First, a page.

There is a growing trend of establishing pecan orchards in some raisin production areas in the Northern Cape, driven by suitable growing conditions, farmers diversifying their income, and the high returns from pecans. If this trend continues, it may result in competition for land and water allocation in some raisin-growing areas in the medium to long term. Figure 2 shows that the area planted with raisin grapes almost doubled between the 2007/08 MY and 2021/22 MY.

Production

Post forecasts that raisin production will rebound to normal levels and increase by 19 percent to 85,000 Metric Tons (MT) in the 2021/22 MY, up from 71,493 MT in the 2020/21 MY. This is based on normal weather conditions, an increase in area planted, new orchards coming into full production, an improvement in yields due to new varieties and production practices, wine grapes being diverted for raisin production, and the adequate availability of irrigation water. In addition, raisin production areas are currently experiencing freezing weather, which is ideal as it kills insects and puts the vines into rest mode in preparation of the 2021/22 MY.

Post revised 2020/21 MY raisin production downward to 71,493 MT, based on updated industry data and the volume of raisin grapes that were damaged by rain in January 2021, as well as frost in some growing areas. The impact of COVID-19 on raisin production has been minimal because the main raisin growing region of the Northern Cape has one of the lowest infection rates in South Africa, and the industry has already completed harvesting and drying of the grapes in 2021. The wine industry and wine grape producers are under pressure from decreasing margins and lower prices, as well as the impact of lockdown measures implemented to address COVID-19. This has resulted in wine grapes being diverted to raisin production. Post’s raisin production figures are based on dried raisin weights.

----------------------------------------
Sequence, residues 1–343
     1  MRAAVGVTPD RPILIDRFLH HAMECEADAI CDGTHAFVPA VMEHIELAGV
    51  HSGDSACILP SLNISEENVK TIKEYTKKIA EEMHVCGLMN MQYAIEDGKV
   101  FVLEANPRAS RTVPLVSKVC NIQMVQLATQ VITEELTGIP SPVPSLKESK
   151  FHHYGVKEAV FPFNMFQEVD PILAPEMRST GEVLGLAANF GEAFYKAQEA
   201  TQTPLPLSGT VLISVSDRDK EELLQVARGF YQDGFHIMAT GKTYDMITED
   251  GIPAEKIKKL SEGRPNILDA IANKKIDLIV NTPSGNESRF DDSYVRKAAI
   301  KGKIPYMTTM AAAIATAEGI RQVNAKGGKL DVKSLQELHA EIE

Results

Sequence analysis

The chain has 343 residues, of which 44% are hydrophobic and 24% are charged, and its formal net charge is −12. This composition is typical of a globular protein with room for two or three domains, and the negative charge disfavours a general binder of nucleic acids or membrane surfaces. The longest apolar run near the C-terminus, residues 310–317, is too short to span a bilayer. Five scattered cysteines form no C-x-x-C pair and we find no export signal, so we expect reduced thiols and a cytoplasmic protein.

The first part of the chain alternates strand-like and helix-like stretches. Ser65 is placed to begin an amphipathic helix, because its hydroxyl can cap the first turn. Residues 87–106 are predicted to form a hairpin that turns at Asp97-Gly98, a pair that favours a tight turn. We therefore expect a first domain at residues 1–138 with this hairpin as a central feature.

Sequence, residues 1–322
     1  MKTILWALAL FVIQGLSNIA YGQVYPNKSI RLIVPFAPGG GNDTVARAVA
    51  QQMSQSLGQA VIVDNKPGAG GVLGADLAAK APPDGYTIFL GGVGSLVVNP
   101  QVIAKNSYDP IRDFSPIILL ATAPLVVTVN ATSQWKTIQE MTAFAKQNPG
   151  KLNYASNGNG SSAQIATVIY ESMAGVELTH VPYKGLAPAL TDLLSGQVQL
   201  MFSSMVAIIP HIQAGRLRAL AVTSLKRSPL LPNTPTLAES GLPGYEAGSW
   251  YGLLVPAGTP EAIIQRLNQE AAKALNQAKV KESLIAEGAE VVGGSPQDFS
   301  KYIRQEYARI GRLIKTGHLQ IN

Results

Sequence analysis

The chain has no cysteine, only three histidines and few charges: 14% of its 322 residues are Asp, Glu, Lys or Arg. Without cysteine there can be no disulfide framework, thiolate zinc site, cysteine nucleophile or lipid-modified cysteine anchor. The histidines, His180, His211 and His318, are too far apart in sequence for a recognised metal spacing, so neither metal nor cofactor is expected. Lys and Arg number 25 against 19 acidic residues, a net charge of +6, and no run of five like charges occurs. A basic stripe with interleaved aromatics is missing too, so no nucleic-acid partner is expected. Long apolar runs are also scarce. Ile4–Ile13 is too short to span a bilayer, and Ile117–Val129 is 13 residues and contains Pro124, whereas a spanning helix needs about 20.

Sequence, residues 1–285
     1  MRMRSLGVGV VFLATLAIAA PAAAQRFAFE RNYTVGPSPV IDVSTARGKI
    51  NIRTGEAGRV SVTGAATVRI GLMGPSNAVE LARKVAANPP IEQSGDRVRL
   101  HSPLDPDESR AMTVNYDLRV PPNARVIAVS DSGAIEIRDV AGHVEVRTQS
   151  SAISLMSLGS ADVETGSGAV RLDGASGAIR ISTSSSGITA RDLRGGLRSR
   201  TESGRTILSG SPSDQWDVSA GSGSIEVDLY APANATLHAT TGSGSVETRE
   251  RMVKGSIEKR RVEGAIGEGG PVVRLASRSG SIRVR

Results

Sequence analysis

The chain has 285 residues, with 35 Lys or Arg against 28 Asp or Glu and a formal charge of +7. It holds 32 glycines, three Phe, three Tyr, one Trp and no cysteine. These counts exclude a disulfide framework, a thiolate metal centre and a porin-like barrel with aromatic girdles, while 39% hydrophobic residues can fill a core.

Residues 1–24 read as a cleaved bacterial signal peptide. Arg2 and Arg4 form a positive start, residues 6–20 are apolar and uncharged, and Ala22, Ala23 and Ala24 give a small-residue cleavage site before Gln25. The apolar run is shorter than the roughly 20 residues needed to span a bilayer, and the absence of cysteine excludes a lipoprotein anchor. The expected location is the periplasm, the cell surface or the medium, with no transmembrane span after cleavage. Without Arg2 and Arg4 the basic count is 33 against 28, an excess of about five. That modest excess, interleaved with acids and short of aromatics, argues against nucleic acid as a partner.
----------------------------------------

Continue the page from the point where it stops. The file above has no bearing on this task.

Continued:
The Thompson Seedless raisin is the predominant cultivar produced in South Africa and accounted for 40 percent of the total production in the 2020/21 MY, followed by the Goldens (34 percent), Sultanas (9 percent), Flames (9 percent), and Currants (5 percent), as shown in Figure 3. Golden raisins are usually sulfur-treated and dried using ventilation facilities, which is quite an expensive method. Sun drying is the most common method used in South Africa because it is cost effective and quicker, and the weather in the Northern Cape is suitable for producing the ideal quality of raisins. For example, the Thompson Seedless dark raisins usually take two weeks to dry in the sun under the normal weather conditions of 40-42°C and 7-8 percent humidity in the Orange River region.

Figure 4 shows that raisin production has almost doubled since the 2006/07 MY. Growth in production over the last four seasons was mainly driven by increases in planted area, improvement in yields, growing demand from processors, and favorable prices for raisin grapes when compared to the wine industry. There is a growing trend of raisin producers striving to produce raisins without chemicals and some being certified organic. Currently, there is one main processor who only handles organic-certified raisins and growers. Some processors still have low volumes but are offering premium payments to encourage growers to produce raisins without chemicals and to seek organic certification.